Histological sections or whole mounts of the embryonic mouse telencephalon are ideal for discerning and quantitatively illustrating gradients of blood vessel development following immunohistochemical labeling of the vessel components. The whole mounts are especially valuable because they permit a global view of the entire vascular network while preserving its anatomical relationships. Explants of the dorsal and ventral telencephalon maintained in culture are ideal for illustrating endothelial cell migration across telencephalic compartments. Although manipulation of the neural tube or embryonic telencephalon for preparation of the explants is a delicate procedure requiring micro-dissection expertise, the technique is a valuable tool for studying a variety of cellular and molecular mechanisms in developmental biology. Combining the explant culture, cell transplantation and siRNA technologies permitted us to study the role of specific genes in the regulation of cross-compartmental migration of endothelial cells.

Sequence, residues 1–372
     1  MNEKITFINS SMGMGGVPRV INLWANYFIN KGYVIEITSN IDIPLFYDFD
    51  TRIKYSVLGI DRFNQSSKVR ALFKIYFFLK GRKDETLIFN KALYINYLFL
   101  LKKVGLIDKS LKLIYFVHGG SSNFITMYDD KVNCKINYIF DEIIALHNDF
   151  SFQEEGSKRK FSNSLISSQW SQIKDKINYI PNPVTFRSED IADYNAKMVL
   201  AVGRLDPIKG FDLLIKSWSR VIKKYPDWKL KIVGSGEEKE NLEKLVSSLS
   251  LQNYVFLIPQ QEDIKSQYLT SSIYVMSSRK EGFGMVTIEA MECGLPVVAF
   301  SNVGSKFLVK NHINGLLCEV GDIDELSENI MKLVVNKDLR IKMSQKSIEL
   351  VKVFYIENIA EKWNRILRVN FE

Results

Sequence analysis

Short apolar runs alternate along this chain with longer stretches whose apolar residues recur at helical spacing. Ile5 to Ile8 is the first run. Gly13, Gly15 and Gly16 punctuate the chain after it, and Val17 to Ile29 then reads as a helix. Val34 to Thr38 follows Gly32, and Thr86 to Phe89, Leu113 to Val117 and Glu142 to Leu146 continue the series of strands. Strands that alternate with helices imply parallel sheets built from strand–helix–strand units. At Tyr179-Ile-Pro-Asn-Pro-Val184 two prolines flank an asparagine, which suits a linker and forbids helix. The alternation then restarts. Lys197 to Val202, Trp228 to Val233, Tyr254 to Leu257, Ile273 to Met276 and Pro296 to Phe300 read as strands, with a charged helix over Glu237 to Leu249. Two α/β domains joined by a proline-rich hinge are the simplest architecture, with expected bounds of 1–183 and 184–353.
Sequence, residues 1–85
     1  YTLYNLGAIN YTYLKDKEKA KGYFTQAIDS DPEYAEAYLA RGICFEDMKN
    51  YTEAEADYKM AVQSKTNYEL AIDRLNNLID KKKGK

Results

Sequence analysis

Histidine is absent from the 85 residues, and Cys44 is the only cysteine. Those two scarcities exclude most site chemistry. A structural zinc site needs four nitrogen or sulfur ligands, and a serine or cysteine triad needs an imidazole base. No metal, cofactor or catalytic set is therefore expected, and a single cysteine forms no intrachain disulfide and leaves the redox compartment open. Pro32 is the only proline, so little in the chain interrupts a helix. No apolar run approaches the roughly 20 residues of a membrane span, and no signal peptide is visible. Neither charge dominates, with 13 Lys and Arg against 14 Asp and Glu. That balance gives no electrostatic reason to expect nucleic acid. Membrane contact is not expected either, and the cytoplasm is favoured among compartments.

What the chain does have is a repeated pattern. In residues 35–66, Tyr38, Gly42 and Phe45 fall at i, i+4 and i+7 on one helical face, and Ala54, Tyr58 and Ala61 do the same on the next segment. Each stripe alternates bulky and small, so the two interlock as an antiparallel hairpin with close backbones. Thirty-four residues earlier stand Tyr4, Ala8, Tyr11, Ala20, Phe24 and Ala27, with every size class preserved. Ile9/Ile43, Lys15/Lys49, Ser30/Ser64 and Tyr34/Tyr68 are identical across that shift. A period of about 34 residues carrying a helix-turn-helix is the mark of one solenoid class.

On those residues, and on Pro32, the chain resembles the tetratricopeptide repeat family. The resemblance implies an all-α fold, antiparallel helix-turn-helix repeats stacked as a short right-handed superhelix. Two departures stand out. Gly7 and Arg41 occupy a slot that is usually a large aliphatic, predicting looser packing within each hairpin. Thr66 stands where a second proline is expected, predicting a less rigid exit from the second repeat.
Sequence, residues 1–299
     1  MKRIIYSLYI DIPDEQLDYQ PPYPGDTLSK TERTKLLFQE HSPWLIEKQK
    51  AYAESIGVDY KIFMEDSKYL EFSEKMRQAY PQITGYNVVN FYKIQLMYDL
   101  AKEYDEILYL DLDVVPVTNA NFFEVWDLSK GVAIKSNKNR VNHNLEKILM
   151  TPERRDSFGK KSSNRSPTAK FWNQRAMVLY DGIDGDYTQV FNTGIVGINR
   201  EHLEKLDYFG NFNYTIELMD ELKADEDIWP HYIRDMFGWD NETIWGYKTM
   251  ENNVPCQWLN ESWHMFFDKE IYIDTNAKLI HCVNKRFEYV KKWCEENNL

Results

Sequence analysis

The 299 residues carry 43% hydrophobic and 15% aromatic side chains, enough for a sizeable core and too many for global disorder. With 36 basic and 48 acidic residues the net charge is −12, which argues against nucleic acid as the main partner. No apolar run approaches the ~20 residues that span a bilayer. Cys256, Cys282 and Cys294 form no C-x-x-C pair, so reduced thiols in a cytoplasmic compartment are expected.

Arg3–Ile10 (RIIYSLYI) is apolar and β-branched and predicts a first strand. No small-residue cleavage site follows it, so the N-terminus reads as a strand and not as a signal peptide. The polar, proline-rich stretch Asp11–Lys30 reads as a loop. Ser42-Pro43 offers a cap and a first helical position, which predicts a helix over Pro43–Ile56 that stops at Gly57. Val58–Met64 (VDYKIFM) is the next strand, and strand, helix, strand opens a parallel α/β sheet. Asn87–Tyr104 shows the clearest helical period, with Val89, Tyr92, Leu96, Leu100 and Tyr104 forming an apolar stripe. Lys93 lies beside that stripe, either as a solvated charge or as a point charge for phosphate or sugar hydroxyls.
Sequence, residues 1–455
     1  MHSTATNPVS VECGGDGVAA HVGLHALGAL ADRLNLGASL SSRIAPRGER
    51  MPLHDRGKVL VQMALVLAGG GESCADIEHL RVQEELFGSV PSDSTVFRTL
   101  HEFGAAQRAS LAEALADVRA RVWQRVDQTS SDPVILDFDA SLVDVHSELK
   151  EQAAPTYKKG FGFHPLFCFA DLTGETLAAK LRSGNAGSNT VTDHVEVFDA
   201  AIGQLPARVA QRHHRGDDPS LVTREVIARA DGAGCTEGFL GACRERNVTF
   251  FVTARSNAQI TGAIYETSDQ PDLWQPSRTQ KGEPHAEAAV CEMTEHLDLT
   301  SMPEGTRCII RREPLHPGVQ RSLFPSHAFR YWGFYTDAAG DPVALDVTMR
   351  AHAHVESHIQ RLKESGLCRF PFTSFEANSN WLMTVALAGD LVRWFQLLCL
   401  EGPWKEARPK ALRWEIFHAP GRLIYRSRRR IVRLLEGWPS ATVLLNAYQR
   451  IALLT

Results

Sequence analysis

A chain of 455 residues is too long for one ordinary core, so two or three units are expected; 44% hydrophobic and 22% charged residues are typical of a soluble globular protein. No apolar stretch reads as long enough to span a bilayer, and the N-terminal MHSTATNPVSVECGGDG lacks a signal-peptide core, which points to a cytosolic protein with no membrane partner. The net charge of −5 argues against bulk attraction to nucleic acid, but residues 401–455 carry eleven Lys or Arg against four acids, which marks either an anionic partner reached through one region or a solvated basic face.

1. Risau, W. Mechanisms of angiogenesis. Nature 386, 671-674 (1997).
  2. Kurz, H. Physiology of angiogenesis. J Neurooncol 50, 17-35 (2000).
  3. Strong, L.H. The Early Embryonic Pattern of Internal Vascularization of the Mammalian Cerebral Cortex. J Comp Neurol 123, 121-138 (1964).
  4. Greenberg, D.A. & Jin, K. From angiogenesis to neuropathology. Nature 438, 954-959 (2005).
  5. Plate, K.H. Mechanisms of angiogenesis in the brain. J Neuropathol Exp Neurol 58, 313-320 (1999).
  6. Hiruma, T., Nakajima, Y. & Nakamura, H. Development of pharyngeal arch arteries in early mouse embryo. J Anat 201, 15-29 (2002).


Figure 1: A new model of telencephalic angiogenesis

Fig 1